• Tasia July 7, 2015 at 9:17 am #

      I have no experience sewing for 4 or 6 year olds, but I’d imagine a-line skirts are the same for women and children, or close enough! It’s not that one type of pattern is better than another, they’re just different. If you are using a striped fabric like I did here, then having seams that flare equally is nice so the hem is closer to a straight line. It’s also easier to line up the stripes on straighter seams. So it all depends on your fabric choice really.

  20. Thewallinna July 7, 2015 at 7:19 am #

    This can be a great skirt for a date :)

    • Tasia July 7, 2015 at 9:08 am #

      Totally! A date with more standing than sitting :)

  21. Annette July 7, 2015 at 7:52 am #

    Love your skirt and the choice of fabric was right on! Thank you, Annette

    • Tasia July 7, 2015 at 9:08 am #

      Thank you! I think it’s a good match of fabric and pattern.

  22. Lauren McGill July 7, 2015 at 3:43 pm #

    I had never thought about how a regular zipper could be less hassle than an invisible zipper to insert into striped fabric! Great observation!!!! I plan to use it. :)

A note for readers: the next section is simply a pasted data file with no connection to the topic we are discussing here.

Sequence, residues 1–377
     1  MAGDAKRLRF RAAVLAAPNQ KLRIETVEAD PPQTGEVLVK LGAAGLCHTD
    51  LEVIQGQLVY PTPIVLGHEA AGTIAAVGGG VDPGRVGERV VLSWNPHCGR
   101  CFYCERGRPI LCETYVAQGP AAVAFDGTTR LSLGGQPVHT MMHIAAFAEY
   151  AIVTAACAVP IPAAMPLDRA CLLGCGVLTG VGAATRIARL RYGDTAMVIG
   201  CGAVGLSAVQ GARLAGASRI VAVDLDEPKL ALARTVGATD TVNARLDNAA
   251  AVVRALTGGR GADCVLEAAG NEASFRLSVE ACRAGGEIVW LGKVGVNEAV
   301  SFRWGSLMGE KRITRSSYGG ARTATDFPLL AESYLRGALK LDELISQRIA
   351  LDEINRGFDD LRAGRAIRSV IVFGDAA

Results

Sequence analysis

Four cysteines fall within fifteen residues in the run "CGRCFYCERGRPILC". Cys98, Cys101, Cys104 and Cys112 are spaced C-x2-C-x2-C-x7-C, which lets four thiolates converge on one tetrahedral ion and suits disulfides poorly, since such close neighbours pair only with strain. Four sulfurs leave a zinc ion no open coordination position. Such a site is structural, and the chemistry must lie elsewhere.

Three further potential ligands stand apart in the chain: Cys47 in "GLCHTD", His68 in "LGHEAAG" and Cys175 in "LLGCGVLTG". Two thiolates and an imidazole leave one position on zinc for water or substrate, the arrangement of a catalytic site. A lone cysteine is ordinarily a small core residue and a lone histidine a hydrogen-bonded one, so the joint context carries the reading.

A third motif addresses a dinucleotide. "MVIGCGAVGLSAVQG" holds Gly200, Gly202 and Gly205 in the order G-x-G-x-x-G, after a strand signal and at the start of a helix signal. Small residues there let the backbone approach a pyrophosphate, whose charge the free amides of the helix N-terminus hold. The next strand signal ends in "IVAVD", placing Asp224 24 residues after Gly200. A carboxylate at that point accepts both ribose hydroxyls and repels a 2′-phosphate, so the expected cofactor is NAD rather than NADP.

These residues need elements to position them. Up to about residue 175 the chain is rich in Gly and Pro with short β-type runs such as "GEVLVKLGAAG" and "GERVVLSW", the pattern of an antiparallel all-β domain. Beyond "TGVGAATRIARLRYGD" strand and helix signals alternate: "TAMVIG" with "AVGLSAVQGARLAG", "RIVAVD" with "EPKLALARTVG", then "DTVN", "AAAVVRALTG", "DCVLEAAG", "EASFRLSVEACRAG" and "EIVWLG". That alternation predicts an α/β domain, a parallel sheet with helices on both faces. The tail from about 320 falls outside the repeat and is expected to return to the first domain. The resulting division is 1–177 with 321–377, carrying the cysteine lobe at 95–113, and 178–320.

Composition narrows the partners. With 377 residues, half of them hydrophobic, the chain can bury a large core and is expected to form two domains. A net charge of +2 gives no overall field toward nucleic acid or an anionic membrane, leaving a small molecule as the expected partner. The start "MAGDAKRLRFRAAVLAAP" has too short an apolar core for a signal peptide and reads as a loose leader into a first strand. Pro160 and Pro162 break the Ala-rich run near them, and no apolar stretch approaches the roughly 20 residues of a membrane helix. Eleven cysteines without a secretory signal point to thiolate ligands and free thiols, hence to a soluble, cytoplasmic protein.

23. Tzipi July 8, 2015 at 7:59 pm #

    Hi Tasia love this skirt and your blog. Thinking about starting to chronicle my sewing adventures on a blog. Do you take your photos on your phone or a more sophisticated camera?keep blogging. It’s inspirational thanks!

    • Tasia July 9, 2015 at 2:46 pm #

      Most of the blog photos are taken with my phone to make it quick and easy. Sometimes I’ll switch to a better camera for a tutorial if I have a hard time capturing the detail. On our webstore, the more recent images are taken by a professional photographer, the older ones are point-and-shoot self timed shots.
      I’ve found it helpful to keep a record of my work, even if no one is reading at the beginning it’s nice to have a reference for yourself. You get to see your progression, and you’ll end up photographing yourself more than normal which is nice to look at the whole garment from a distance!
      So glad you enjoy the blog!

  24. Peta July 13, 2015 at 1:39 am #

    Love this skirt and fabric – it looks fantastic on you. I like your idea about lowering the waistline – can I ask did you line it, as in the original skirt or make a facing? You’ve given me some ideas for a summer skirt! Thanks so much.

    • Tasia July 13, 2015 at 8:49 am #

      I lined it, exactly like the original pattern. I used the same pieces with the new lower waistline to cut lining as well as the main fabric. A facing would work too, but in this case I needed the lining to cover up the long, snaggy floats on the back of the fabric.